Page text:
But if like lots of parents who have devoted most of their time to looking after their kids, going back to work or even starting a course can be challenging.
But it can be as easy as A. B, C! Follow the guide for an easier transition into fulfilling your goals.
How many times have you kicked yourself for saying "yes" when you really wanted to say "no"? Whether it's baking a cake for the PTA, looking after a friend's child, or taking your partner's clothes to the dry cleaners, many of us take on too much simply because we are worried we'll upset other people. We end up resentful.
But it doesn't have to be like that. By being assertive you can regain control.
Assertiveness is a word which can conjure up images of someone shouting and controlling. Nothing could be further from the truth. Assertiveness is when you express your own needs, wants and feelings, but in a manner which is constructive and which allows others the opportunity to express their own. In other words, it's the opposite of being aggressive or passive.
The way you express yourself has a much impact as what you say. Experts believe that if you acknowledge the other person's feelings, before you state your own needs, they are more likely to be receptive to what you say. So when you can't bake that cake, or babysit, it's better to say "I am sorry. I know this is going to be a disappointment, but I can't at the moment." Another option when you are put on the spot is to ask for time. You don't have to say yes or no immediately. "I might be able to, but I need to think about it - I'll get back to you by the end of today."
Becoming more assertive takes practice, so try it out in safe situations, with your family, before you do it at work or with strangers.
What have you done today, just for you? Have you read a book? Gone for a walk? Had a long soak in the bath? Have you switched off at all from the responsibilities of parenting or work? If not - why not?
The phrase work-life balance has become a cliché, but that doesn't mean there is no truth in it. Looking after yourself, so you are fit to look after other people is essential. But too many of us put our own needs at the bottom of the list.
If this seems all too familiar try this:
• Make a list of what you enjoy doing, what you like to do to re-charge your batteries, and what you would do if only you had the time.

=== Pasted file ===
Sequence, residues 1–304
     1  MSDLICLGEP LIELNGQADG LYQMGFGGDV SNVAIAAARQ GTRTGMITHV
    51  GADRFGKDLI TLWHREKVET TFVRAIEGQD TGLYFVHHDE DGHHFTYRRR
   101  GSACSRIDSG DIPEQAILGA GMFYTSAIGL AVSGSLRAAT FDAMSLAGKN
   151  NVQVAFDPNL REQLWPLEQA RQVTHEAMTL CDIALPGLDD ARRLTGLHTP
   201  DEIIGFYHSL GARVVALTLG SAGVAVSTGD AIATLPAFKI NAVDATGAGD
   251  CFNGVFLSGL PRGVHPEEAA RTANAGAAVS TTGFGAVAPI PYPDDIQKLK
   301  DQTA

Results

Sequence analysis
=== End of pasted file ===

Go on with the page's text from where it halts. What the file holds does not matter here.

• Take a long, hard look at all the commitments you have and see if you can ditch just one of them - or more! You are not indispensable.
• Make a commitment to take some time out for yourself - it might be an hour a day or an hour a week. But do it. And write it in your diary or on the calendar. Stick with it as if it were a meeting with someone else.
September is the time when classes and courses start, and it can be the ideal time to go back into work if you have been at home and your child is going to full time school.
Is anything holding you back? Maybe a lack of confidence? What can you do to build confidence?
Gladeana McMahon, counsellor, psychotherapist, author and coach, suggests the following five ways:
• Stop discounting yourself. Recognise your personal qualities. Write a list of them all.
• Learn to appreciate life. Positive psychology shows that writing down three things you are pleased with each day boosts confidence and self esteem. This might include "I am lucky to have lovely children" or "I'm a good friend."
• If you look good, you'll feel good. You don't have to spend a fortune to update your style. Browse Ebay and have cheap beauty or hair treatments at your local college.
• Think about what you need. Take control of your life and start making changes. Try an assertiveness course.
• Take risks. Step outside your comfort zone and do something you find difficult. Watch how confident people behave and you can become confident by mirroring their body language, the way they speak and how they behave.
Check out our New Term, New You part of Back to School for inspiration
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